Magic Leap has enjoyed massive buzz for years based more on its high levels of funding and secretive nature than anything concrete, but the company has finally shown off its upcoming mixed reality goggles today.
They look goofy, the marketing doesn’t do much to show off what can or can’t be done and the technology seems to have at least some of the shortcomings of Microsoft’s HoloLens displays, including the limited field of view.
The jargon-heavy but ultimately detail-light piece on Glixel may end up being more damaging than helpful in getting people excited about the technology.
While the bedrock of that technology may be solved, Abovitz acknowledges the delivery of the experience still hasn’t been perfected when I bring up the limited field of view. He says that the company is still fine-tuning the experience. “Field of view we think is, we’d call it workable and good for ML1,” he says of what will be the first consumer headset. “It is one of the things we will continue to iterate on in Magic Leap 2 and 3 and beyond. And there is sort of a point where you hit a form factor and a field of view … where you are sort of done there.”
Anyone else inspired by the possibilities of the future? There is no release date and no price, but we do know that there is sort of a point where ... you are sort of done there.
2018 doesn’t seem to be the actual release date, but the year in which the company will release something that is aimed more at developers and “brands” than the mainstream. The Glixel story describes Abovitz’s feeling that the first release is “workable and good,” which seems to fall a little short of the company’s breathless hype.
This is an image from the company’s official site:
Here is Facebook’s Nate Mitchell showing of the Oculus Rift’s avatars in 2016:
Here is Magic Leap’s official site:
This is Microsoft showing off Minecraft using the HoloLens in 2015:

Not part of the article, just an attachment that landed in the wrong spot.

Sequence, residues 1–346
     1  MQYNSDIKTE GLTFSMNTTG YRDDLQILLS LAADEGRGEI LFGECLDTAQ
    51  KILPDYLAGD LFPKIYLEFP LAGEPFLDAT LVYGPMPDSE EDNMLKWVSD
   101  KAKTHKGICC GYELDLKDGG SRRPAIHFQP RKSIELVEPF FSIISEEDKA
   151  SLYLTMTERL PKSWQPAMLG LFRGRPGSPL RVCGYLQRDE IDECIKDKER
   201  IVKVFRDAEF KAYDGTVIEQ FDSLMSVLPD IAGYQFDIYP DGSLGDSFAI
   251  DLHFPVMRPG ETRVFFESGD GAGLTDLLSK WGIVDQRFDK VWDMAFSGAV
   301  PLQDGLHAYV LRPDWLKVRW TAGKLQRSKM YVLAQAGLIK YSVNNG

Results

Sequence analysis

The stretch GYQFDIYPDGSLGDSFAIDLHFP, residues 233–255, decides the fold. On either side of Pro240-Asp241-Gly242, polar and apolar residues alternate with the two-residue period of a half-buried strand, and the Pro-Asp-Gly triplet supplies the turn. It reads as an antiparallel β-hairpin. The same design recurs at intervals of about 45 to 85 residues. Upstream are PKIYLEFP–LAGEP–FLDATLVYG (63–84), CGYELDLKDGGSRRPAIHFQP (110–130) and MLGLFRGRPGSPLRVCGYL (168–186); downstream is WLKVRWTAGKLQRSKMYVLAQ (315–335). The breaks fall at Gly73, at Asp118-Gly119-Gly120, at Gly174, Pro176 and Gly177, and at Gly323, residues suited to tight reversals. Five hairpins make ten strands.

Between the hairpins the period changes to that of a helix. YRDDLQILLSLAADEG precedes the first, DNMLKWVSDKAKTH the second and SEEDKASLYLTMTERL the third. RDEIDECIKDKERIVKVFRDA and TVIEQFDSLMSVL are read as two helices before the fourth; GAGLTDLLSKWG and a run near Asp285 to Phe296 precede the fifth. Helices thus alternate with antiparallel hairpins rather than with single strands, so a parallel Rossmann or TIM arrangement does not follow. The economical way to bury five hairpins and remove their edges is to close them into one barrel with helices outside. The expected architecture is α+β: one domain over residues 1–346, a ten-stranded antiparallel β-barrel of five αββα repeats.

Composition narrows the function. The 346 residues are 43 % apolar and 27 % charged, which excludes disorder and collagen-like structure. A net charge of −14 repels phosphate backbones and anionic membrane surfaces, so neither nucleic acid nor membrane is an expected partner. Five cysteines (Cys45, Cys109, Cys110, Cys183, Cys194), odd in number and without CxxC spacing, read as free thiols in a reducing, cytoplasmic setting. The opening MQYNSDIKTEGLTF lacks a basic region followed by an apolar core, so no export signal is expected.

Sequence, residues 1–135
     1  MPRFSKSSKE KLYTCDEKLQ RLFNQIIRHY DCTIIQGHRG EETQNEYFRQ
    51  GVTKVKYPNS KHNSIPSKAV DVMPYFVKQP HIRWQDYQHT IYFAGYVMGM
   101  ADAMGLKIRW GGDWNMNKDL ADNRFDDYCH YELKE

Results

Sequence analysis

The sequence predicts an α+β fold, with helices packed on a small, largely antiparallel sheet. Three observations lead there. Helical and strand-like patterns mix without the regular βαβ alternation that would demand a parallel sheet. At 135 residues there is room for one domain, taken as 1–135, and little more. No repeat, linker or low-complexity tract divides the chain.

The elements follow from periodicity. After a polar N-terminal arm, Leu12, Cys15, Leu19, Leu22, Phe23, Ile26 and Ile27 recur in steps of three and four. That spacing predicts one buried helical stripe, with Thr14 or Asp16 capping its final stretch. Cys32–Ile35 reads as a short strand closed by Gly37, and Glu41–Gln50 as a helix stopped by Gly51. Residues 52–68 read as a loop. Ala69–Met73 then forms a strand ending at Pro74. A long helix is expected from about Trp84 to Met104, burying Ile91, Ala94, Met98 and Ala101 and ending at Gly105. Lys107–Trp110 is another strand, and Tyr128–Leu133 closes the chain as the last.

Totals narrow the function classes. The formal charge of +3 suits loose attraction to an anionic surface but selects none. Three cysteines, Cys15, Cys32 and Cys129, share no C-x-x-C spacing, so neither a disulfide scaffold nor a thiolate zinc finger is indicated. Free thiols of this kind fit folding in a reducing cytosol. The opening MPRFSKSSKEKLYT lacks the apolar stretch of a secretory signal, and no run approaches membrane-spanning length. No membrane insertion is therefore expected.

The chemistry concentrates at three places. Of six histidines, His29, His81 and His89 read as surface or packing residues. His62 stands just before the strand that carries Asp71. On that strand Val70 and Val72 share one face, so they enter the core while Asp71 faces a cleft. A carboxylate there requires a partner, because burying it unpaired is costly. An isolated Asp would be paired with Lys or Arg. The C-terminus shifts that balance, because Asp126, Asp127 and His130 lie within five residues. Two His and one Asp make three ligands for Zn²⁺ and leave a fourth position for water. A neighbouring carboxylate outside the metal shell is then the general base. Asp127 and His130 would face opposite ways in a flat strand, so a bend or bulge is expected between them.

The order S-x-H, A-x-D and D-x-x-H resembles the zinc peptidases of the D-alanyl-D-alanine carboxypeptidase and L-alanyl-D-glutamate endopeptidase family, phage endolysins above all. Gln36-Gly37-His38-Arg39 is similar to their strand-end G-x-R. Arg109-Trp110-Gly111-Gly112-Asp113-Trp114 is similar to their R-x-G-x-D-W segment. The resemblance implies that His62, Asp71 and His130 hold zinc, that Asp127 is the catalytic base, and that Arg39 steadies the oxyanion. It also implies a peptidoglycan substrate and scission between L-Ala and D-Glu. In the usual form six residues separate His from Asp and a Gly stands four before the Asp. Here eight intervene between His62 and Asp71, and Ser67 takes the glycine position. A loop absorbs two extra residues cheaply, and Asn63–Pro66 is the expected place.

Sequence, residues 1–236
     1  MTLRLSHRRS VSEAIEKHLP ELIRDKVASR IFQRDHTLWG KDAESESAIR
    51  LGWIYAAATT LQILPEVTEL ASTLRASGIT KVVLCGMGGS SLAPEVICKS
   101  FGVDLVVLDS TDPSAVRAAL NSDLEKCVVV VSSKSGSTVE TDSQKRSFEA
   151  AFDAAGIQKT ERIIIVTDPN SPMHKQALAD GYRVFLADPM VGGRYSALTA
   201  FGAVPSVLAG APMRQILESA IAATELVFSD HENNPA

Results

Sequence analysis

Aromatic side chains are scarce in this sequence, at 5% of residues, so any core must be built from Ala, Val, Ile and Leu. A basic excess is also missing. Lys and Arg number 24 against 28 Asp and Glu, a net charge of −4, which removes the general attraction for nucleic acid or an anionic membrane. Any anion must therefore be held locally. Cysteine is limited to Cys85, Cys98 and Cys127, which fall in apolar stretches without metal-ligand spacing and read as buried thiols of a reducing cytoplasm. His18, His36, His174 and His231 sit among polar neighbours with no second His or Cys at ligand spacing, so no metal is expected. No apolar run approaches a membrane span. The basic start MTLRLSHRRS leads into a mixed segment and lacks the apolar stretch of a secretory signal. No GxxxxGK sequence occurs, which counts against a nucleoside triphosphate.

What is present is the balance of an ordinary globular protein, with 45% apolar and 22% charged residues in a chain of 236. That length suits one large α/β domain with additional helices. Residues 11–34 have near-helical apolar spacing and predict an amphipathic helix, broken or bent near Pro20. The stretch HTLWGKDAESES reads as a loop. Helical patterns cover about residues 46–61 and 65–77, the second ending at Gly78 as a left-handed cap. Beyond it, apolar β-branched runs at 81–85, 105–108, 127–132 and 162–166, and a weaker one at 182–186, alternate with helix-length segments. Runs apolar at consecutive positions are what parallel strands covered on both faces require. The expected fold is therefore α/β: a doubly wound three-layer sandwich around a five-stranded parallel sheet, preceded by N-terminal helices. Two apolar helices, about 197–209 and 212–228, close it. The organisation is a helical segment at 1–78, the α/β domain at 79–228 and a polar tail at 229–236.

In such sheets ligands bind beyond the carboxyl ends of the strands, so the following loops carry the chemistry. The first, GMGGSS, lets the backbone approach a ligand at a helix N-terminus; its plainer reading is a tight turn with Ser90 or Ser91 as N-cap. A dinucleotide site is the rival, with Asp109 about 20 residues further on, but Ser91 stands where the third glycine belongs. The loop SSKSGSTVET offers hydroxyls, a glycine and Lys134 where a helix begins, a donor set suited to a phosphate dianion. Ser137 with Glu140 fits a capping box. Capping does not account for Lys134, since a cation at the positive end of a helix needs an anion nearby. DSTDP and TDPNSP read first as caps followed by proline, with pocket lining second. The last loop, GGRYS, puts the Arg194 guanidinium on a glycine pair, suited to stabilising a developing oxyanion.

This is Magic Leap’s site:
Here’s Magic Leap’s site:
Here’s HoloLens in 2015:
Magic Leap is announcing ideas and concepts that are already crusty in the VR and AR world while getting lost in technical terms when it tries to explain why we should care this time. It’s exciting because they’re excited, and we should be excited too, even if they can’t explain much about what’s going on.
“Despite not answering a number of key questions, the day spent wandering the hallways and byways of Magic Leap left me with a much clearer sense of what the company was up to, that it wasn't just about the headset, or even the light field tech that's driving it,” the Glixel story says. “Magic Leap, in releasing their system to the world is combing a slew of technologies into something that could one day reinvent the way we deal with all technology.”
Are you ready to sign up to be told when you can pre-order the developer kit? Because nothing gives me a clearer sense of what a company is up to more than not answering key questions.
Magic Leap is showing off mockups of ideas from the past few years in VR and AR, and the company could learn that it takes a bit more than that to get people excited in 2017. Let’s hope it has something, anything, else to announce soon after it finds out big words and promises aren’t enough.